Primary tabs

S.F. Symphony Does Different Planes

December 8, 2010

San Francisco Symphony

Arnold Palmer, master of the two-handed baton, had this to say about musicianship:

It is not a dreamlike state, but the somehow insulated state, that a great musician achieves in a great performance. He's aware of where he is and what he's doing, but his mind is on the playing of the instrument with an internal sense of rightness — it is not merely mechanical, it is not only spiritual; it is something of both, on a different plane ...

Vision, that sense of rightness, and different planes made for an exceptional evening at last Wednesday’s San Francisco Symphony subscription concert: Three masters, Music Director Michael Tilson Thomas, guest violinist Gil Shaham, and principal trumpet Mark Inouye, provided hole-in-one performances along Palmerian lines. Composers Henry Cowell, Wolfgang Mozart, and John Adams provided dreams and planes of their own as a spiritual springboard for musicians and their highly appreciative audience.

“Relic of Modernism” Best for Trumpet

Mark InouyeThe concert began with a “relic of Modernism,” according to MTT — one as oddly shaped as Palmer’s baton, Cowell’s 1930 Synchrony. Its plane was experimental and kaleidoscopic, a work of progress declaredly derived from its opening material, but not easily apprehended as such. Its abrupt end leaves you with a feeling of structural incompleteness.

But what opening material! A striking yet muted, minute-long trumpet solo by Inouye. It alone was worth the price of admission, the way he played it: This initial material was so inherently interesting that nothing better could be added during the remaining 12 minutes of the work. No wonder it hasn’t been played anywhere in North America in the last 10 years.

Next came Mozart’s Violin Concerto No. 5, K. 219, brilliantly clarified by the angelically smiling, fidgety-footed Shaham. His tone was too full of life to be merely heavenly, yet at the same time was extraordinarily lucid, perfect for A Major Mozart. The result generated very warm applause, Gil Shahama fair standing ovation, and three curtain calls.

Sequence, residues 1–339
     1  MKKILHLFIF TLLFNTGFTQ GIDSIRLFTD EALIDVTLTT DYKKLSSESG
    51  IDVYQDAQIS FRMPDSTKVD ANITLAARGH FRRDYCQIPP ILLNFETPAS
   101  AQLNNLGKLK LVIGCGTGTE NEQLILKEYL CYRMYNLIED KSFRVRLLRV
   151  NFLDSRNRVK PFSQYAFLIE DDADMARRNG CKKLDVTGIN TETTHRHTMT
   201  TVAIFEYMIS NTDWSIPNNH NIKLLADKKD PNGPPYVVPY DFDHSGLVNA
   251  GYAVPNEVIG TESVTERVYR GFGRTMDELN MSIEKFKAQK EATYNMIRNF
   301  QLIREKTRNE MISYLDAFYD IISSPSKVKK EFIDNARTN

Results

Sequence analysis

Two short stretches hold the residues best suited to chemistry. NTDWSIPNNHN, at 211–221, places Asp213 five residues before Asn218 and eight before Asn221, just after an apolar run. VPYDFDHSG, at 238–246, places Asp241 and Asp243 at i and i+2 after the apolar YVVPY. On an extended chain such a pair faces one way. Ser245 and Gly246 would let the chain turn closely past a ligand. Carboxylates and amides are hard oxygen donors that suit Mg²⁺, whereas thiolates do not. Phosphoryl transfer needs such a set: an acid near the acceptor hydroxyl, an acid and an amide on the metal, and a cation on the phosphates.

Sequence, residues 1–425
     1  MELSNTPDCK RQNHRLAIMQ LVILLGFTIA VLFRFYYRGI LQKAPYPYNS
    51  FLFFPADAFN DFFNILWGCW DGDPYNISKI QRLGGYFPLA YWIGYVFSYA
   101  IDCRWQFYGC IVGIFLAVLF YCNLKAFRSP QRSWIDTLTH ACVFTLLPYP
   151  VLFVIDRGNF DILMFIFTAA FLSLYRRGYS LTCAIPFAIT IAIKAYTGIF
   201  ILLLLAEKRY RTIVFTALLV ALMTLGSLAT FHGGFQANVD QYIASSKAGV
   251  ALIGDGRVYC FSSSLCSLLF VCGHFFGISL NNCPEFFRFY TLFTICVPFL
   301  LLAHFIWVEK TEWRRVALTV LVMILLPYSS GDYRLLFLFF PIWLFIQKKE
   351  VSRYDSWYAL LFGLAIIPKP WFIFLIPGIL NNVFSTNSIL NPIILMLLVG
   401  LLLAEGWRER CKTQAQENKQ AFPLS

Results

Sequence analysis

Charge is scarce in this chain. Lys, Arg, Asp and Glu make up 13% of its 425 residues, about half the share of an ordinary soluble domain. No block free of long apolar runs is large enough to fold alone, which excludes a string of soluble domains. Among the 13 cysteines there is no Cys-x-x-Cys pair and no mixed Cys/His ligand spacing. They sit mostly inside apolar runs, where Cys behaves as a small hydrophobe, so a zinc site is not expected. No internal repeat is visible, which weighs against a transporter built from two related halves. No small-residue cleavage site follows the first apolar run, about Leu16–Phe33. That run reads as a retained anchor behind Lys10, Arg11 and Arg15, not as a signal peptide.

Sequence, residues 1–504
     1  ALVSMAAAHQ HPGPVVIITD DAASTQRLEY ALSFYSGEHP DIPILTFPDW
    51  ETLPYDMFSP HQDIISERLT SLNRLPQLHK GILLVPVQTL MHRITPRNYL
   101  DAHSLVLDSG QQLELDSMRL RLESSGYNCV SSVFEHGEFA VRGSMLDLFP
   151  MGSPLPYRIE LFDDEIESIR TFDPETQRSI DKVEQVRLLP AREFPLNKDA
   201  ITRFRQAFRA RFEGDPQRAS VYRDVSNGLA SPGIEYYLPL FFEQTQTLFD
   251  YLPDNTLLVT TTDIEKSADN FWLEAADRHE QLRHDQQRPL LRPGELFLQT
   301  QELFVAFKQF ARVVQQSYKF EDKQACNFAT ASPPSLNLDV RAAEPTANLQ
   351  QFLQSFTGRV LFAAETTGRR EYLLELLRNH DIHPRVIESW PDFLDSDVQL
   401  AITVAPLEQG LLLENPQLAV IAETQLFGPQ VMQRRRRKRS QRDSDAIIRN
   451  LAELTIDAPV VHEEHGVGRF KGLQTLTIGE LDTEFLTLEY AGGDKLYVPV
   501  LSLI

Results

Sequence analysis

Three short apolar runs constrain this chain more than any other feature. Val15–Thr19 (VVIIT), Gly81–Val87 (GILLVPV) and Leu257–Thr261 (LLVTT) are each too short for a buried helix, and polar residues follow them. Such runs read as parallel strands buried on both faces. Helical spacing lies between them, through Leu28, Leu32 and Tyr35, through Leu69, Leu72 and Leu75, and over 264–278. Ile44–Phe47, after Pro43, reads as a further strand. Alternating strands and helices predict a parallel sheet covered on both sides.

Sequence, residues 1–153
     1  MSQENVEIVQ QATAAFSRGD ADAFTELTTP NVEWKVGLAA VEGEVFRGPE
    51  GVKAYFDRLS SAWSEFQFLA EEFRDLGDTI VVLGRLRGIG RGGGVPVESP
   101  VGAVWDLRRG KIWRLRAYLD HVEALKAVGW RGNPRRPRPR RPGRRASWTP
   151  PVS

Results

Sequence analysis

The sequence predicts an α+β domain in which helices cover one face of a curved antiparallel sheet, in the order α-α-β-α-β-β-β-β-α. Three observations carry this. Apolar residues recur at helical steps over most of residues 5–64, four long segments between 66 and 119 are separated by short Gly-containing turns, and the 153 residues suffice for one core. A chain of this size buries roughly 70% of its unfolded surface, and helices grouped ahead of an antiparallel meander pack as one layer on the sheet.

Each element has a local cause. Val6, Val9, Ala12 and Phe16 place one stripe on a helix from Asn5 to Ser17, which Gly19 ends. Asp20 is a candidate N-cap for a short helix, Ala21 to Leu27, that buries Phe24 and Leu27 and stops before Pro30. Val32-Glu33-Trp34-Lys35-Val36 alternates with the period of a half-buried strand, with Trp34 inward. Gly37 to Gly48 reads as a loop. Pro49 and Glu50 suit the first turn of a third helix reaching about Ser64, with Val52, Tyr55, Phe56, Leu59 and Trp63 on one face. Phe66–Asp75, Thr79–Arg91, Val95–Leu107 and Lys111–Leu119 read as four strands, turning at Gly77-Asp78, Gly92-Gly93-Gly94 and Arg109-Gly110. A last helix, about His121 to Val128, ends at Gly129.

But then came intermission, and a chance to improve the percent approval for the next work even more, since 15 to 20 percent of the audience, presumably not fans of living composers, did not return to its seats. And Adams’ Harmonielehre did indeed please mightily, receive four minutes of cheers and bravos at its conclusion — and even spontaneous applause between movements. Why?

I give the credit to MTT, who outdid himself injecting passion into this music. During one particularly vigorous exhortation in fact, two minutes before the end of the first movement, his baton escaped his grasp, took flight on its own, and sought a new owner among listeners in Row A. (The escapee was returned to its wielder in time for the next movement.)

Pulling the Romance

What MTT did was capitalize on his mastery of Gustav Mahler to highlight and squeeze forth the Romantic leanings in this work, gestures which are unusually prevalent for Adams in the first two movements. This emphasis did much to add yearning to the heartbeat of the drier, yet equally pervasive motoric elements harkening back to Adams’ earlier, more Minimalist style. The result was a first movement that was not just exciting, but genuinely moving.

The Symphony’s late annotator Michael Steinberg makes reference to the second movement and the debt Adams owed to the dismal sonorities of Jean Sibelius’ Symphony No. 4 in depicting spiritual and physical infirmity (the “Anfortas Wound”). I also was reminded of similar sounds in Gustav Holst’s “Saturn, the Bringer of Old Age” movement. MTT did a great job here in assuring the widest dynamic range of sound, making the climax of the movement especially shattering.

Only the third movement to me seems less than completely successful as a composition, though, like the previous movements, extremely well performed. It begins with an ethereal tableau imagined by Adams: the Medieval mystic Dominican Meister Eckhardt “floating through the firmament with a baby on his shoulder. But later Adams says there is “a tremendous harmonic struggle” with “different tonalities vying for dominance.” Because there is little functional harmonization (e.g., modulation), just the warring tonalities, the feeling of stasis generated by the gorgeous opening section does not evolve away. Only the loudness and rhythmic energy increases, weakening somewhat any complete sense of closure when the E-flat tonality just ends up being a little louder than the other at the conclusion.

But make no mistake about it, Harmonielehre is one of Adams’ greatest achievements, and a work the San Francisco Symphony should be especially proud of for commissioning way back in 1984. That MTT and the Symphony musicians went all out to maximize that greatness puts them in a club worthy of Arnie’s Army.

Jeff Dunn is a freelance critic with a B.A. in music and a Ph.D. in geologic education. A composer of piano and vocal music, he is a member of the National Association of Composers, USA, a former president of Composers, Inc., and has served on the Board of New Music Bay Area.